XLS to JPG - Convert document online
|#||Output File||Source File||Action|
1. Click "Choose Files" button to select multiple files on your computer. You can also click the dropdown button to choose online file from URL, Google Drive or Dropbox. A target format can only be converted from certain document formats. For example: It can convert DOC to DOCX, but it can't convert DOC to XLSX.
2. Choose a target document format. The target document format can be PDF, DOC, DOCX, XLS, XLSX, PPT, PPTX, HTML, TXT, CSV, RTF, ODT, ODS, ODP, XPS or OXPS. When choosing a target format, it will list what source formats can be converted to the target format.
3. Click "Convert Now!" button to start batch conversion. The output files will be listed in the "Conversion Results" section. Click icon to show file QR code or save file to online storage services such as Google Drive or Dropbox.
XLS vs JPG:
|Full name||Microsoft Excel Binary File Format||Joint Photographic Experts Group|
|File extension||.xls||.jpg, .jpeg, .jpe, .jif, .jfif, .jfi|
|Developed by||Microsoft||Joint Photographic Experts Group|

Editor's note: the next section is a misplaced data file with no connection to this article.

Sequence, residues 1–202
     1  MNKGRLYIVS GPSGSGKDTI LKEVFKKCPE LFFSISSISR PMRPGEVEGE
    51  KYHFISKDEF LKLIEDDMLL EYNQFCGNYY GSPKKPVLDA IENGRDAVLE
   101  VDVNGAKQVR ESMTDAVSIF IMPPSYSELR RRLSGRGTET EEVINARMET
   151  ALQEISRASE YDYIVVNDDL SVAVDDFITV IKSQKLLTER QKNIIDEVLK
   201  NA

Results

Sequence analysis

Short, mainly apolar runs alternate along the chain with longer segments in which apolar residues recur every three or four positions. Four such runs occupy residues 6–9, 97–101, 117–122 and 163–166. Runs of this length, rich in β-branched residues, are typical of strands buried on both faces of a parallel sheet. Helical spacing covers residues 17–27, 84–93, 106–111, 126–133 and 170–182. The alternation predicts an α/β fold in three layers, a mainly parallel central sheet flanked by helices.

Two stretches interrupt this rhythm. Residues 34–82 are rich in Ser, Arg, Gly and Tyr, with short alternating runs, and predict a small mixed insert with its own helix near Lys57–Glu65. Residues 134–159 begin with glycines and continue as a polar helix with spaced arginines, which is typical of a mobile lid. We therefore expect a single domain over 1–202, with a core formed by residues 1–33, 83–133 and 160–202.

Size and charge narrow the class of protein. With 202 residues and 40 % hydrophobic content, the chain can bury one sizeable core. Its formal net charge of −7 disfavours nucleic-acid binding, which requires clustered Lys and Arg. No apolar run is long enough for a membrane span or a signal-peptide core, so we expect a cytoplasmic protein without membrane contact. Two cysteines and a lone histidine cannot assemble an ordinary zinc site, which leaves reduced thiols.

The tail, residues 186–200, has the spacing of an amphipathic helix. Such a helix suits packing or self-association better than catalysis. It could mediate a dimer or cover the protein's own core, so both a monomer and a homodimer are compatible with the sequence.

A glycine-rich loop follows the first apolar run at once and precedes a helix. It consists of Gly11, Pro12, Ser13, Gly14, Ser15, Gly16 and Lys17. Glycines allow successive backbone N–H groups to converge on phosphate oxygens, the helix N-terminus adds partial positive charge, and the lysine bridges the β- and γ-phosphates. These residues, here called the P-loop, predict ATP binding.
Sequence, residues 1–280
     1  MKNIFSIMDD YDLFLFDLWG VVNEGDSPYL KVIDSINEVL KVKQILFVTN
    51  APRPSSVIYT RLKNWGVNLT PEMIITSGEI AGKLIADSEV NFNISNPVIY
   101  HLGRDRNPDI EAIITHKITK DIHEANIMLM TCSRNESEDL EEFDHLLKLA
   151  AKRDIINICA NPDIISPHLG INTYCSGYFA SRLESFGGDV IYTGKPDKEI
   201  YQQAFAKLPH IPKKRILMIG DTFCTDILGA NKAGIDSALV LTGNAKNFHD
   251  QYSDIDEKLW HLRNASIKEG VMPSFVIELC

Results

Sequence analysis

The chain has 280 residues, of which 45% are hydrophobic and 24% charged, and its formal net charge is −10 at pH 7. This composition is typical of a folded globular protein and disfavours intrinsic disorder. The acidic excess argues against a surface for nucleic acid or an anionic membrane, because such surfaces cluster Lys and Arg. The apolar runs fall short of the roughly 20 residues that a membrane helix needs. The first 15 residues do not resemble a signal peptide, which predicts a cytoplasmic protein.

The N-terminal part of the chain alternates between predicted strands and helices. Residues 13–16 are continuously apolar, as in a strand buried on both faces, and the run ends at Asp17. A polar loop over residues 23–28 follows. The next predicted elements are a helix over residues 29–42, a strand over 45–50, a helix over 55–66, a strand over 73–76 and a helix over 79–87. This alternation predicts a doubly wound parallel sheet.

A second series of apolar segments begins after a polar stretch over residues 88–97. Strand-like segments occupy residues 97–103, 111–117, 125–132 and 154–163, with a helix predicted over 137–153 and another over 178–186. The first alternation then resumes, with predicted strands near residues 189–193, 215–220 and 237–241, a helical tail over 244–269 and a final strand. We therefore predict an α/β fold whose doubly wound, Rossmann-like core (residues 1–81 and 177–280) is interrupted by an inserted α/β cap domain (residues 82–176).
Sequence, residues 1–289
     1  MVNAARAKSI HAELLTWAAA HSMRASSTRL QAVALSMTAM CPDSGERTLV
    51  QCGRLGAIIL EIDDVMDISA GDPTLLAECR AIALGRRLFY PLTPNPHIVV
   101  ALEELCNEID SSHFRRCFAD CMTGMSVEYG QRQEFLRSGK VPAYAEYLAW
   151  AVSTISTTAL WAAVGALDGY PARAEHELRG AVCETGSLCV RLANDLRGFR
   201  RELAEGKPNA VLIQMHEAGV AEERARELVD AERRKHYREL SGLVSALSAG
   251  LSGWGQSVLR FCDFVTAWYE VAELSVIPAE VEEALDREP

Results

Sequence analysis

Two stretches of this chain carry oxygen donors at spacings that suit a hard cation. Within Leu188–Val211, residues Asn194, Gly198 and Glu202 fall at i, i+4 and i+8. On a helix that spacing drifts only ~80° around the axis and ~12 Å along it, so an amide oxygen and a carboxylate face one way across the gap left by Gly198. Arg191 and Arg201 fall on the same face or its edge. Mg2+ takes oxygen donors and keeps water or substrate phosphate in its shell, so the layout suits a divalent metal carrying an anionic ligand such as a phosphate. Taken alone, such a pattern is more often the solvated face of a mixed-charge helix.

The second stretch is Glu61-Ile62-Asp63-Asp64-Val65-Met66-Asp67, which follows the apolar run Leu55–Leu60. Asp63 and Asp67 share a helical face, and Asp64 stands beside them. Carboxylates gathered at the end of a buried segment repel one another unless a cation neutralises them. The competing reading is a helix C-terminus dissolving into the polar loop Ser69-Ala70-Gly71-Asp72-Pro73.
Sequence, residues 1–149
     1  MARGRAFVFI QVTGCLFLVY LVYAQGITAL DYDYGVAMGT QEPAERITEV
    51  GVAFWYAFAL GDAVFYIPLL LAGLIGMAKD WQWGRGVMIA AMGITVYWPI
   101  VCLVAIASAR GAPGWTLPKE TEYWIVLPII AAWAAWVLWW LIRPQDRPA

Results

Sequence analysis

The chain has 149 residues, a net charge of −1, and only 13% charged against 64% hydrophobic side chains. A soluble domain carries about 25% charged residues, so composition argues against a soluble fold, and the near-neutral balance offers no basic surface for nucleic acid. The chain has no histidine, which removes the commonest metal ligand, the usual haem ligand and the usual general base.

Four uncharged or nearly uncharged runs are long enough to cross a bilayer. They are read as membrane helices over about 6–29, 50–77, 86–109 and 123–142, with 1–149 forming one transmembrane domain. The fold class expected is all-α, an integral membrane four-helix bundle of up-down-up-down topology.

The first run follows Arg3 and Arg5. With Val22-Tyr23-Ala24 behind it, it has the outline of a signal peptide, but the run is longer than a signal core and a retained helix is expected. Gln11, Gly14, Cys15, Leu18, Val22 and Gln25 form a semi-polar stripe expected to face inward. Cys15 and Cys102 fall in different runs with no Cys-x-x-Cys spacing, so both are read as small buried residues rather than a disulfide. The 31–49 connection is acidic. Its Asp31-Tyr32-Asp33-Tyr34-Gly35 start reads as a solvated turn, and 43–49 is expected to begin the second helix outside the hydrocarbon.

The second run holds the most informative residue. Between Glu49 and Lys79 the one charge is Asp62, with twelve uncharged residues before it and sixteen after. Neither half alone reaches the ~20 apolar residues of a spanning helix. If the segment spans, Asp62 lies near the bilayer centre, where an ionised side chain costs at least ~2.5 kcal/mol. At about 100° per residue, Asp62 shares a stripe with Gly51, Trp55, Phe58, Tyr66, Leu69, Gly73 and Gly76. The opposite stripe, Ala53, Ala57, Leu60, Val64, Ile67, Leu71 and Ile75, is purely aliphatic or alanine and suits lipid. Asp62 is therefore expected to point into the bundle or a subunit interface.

|Type of format||Spreadsheet||Lossy image format|
|Introduction||Microsoft Excel up until 2007 version used a proprietary binary file format called Excel Binary File Format (.XLS) as its primary format. Excel 2007 uses Office Open XML as its primary file format, an XML-based format that followed after a previous XML-based format called "XML Spreadsheet".||JPEG is a commonly used method of lossy compression for digital images, particularly for those images produced by digital photography. The degree of compression can be adjusted, allowing a selectable tradeoff between storage size and image quality. JPEG typically achieves 10:1 compression with little perceptible loss in image quality.|
|Technical details||OpenOffice.org has created documentation of the Excel format. Since then Microsoft made the Excel binary format specification available to freely download.||Image files that employ JPEG compression are commonly called "JPEG files", and are stored in variants of the JIF image format. Most image capture devices (such as digital cameras) that output JPEG are actually creating files in the Exif format, the format that the camera industry has standardized on for metadata interchange.|
|Associated programs||Microsoft Office, LibreOffice, Kingsoft Office, Google Docs.||Apple Safari, Google Chrome, Mozilla Firefox, Internet Explorer, Adobe Photoshop, Paint Shop Pro, the GIMP, ImageMagick, IrfanView, Pixel image editor, Paint.NET, Xara Photo & Graphic Designer.|
|Wikipedia||XLS on Wikipedia||JPG on Wikipedia|